How we change what others think, feel, believe and do
Developing the concession strategy
The main part of many negotiations is a series of exchanges, where each party makes some concession from an initial position in exchange for some equivalent concession from the other party, with the overall goal of reaching agreement somewhere in the zone of agreement where both parties can accept the outcome.
Your concession strategy is the approach and detail that you will use when trading with the other person. If you know what you want and what you will give in exchange, then you are in a strong position of readiness for the actual negotiation.
Your overall strategy is based on knowing what you want, what you'll give and the general approach to trading you will use.
Knowing what you want
The first question is to know what you want. You can approach this either as a specific requirement ('I want a new, racing green Jaguar XJS 2.8') or a higher-level interests, where you have an outcome that needs to be achieved ('I want to impress my friends and travel in reliable comfort').
Knowing what you'll give
The next question is what you'll give for what you want. Particularly when buying something for money, you need to decide on the maximum you will pay (and the reverse if you are selling). You can get often get a good idea of what something is worth with a little research on the internet or looking at standard pricing catalogs.
You can find many things to trade by finding variables in all kinds of different areas, from friendship to finance.
Patterns of concession
At the strategic level, you may want to know the approach you will make to conceding. An important question here is in the negotiation style you are going to use. A hard competitive approach will allow for deceptive tactics, whilst a more collaborative approach will require more ethical considerations.
A good question on concessions is whether you will make any unilateral, goodwill concessions. A simple strategy is 'tit-for-tat', where you make an initial unilateral concession, but make no further concessions until they respond.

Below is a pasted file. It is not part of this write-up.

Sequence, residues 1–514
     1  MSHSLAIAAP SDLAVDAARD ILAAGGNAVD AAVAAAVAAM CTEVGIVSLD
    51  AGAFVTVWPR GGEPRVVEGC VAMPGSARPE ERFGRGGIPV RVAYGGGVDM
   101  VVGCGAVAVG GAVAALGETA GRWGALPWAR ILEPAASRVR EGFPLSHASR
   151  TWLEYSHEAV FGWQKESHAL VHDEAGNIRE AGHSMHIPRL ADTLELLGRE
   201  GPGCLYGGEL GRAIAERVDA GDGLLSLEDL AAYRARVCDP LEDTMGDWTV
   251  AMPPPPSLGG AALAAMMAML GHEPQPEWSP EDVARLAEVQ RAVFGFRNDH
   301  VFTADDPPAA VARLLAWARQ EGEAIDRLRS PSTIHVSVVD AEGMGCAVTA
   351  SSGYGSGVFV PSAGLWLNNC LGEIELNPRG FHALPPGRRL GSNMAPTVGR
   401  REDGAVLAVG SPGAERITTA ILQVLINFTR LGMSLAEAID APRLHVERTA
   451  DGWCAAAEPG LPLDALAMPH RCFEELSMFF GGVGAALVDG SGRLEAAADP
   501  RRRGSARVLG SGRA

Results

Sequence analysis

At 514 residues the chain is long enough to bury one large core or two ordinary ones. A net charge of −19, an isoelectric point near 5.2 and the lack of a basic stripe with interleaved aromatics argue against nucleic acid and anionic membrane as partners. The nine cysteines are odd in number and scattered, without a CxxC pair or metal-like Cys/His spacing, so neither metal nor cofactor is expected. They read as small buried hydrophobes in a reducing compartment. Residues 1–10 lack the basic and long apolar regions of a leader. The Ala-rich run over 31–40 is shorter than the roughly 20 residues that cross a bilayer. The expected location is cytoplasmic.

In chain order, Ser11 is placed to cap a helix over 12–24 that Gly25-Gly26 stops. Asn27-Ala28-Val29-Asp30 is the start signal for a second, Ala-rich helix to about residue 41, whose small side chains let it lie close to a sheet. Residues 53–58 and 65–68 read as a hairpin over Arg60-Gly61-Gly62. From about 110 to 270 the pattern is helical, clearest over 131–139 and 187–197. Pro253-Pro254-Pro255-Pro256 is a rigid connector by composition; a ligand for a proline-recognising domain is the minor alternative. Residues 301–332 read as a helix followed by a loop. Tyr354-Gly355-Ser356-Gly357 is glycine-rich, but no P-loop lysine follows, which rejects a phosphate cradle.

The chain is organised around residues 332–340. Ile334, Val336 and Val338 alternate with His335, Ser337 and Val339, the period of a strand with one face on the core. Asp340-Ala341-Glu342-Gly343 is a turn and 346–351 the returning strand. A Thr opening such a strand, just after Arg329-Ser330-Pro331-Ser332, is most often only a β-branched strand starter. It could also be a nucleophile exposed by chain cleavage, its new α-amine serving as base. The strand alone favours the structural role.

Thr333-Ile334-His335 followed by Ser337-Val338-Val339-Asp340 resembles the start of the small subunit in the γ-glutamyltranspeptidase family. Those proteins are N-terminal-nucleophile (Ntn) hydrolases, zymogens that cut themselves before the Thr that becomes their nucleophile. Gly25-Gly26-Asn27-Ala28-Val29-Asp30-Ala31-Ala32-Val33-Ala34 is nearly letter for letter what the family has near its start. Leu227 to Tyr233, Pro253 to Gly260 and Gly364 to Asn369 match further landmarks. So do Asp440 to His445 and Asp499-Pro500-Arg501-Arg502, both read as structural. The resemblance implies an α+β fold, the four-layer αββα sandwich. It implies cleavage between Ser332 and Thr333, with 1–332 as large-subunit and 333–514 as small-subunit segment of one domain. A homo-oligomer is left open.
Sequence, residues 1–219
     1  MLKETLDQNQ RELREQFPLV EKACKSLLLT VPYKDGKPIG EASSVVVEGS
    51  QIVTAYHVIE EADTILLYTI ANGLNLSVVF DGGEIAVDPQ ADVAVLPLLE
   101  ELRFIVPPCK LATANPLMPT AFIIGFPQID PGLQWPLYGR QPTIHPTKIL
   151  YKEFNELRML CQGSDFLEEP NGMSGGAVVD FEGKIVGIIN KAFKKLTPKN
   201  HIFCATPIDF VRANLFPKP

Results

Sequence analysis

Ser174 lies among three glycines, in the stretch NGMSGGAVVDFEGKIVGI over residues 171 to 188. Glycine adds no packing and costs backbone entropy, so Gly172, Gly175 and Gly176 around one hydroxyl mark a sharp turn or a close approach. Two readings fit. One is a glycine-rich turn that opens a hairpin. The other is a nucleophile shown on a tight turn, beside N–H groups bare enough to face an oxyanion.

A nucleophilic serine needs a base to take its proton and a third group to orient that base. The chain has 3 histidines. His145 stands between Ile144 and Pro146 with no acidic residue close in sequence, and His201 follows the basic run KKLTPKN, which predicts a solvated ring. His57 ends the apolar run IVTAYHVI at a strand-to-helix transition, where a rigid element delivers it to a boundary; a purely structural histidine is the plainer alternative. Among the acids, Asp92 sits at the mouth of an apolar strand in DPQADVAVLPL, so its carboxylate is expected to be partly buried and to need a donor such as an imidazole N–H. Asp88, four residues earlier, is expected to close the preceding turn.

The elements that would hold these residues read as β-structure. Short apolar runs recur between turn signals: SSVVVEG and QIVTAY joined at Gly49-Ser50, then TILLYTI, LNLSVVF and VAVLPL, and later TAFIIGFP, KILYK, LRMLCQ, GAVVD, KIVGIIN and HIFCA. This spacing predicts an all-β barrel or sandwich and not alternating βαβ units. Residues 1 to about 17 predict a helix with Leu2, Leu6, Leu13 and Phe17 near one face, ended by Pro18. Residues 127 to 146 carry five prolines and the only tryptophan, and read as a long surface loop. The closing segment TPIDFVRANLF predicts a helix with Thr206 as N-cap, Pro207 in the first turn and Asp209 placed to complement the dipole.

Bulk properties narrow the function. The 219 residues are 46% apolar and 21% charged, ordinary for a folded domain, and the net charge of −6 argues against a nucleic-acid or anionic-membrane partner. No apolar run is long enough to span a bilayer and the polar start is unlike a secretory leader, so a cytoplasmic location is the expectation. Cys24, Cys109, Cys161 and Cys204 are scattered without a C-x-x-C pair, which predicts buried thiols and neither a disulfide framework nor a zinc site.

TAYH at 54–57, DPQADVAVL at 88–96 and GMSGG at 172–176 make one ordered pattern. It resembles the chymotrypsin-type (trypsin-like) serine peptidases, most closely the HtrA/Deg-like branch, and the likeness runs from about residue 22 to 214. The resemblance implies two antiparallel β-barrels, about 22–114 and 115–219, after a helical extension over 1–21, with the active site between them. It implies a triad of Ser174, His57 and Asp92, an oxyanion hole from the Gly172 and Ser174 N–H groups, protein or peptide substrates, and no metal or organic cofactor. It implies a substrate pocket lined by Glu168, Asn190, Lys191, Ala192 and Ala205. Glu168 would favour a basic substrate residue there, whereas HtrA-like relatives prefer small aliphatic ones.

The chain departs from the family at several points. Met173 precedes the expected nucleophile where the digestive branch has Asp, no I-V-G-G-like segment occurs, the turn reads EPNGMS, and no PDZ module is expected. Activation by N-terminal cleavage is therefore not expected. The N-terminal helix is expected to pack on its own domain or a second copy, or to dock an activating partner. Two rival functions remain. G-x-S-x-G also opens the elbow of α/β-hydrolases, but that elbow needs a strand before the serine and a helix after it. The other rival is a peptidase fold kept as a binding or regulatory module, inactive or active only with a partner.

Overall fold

Thus, for example, in a competitive situation you might use a High-Low start and then a Brooklyn optician separation of pricing, whilst with a collaborative approach, you might start from fair criteria and end up with splitting the difference within the zone of agreement.
A competitive concession strategy typically seeks to work in an imbalanced, way, such that you concede small points whilst expecting the other person to concede on larger points in exchange.
Handling their strategy
Your strategy must also be able to handle the strategy of the other person. You may lose out if you assume the other person is friendly and collaborative when they are actually deceptive and competitive.
Thus you might have different patterns of concession ready in case the other person is using a strategy that is not directly compatible with your approach.
At the lower level of developing concessions, it can be useful to identify detail of individual concessions and exchanges.
Balanced value exchanges
The key to exchanges is value, in that I receive something of value to me in exchange for giving something of equivalent value to you. The best balancing here is that that value is defined by the receiver, not the giver. Thus I may give you something of low value to me, but which is of high value to you, whilst you give me something that is of lower value to you but of equivalent value to me to the value you received from what I conceded to you.
Individual exchanges and packages
Concessions and exchanges can be individual I'll-give-you-this-for-that swaps, or they can be more complex sets of exchanges, for example where I give you a number of different things in a single 'package' in exchange for a package of concessions from you.
And the big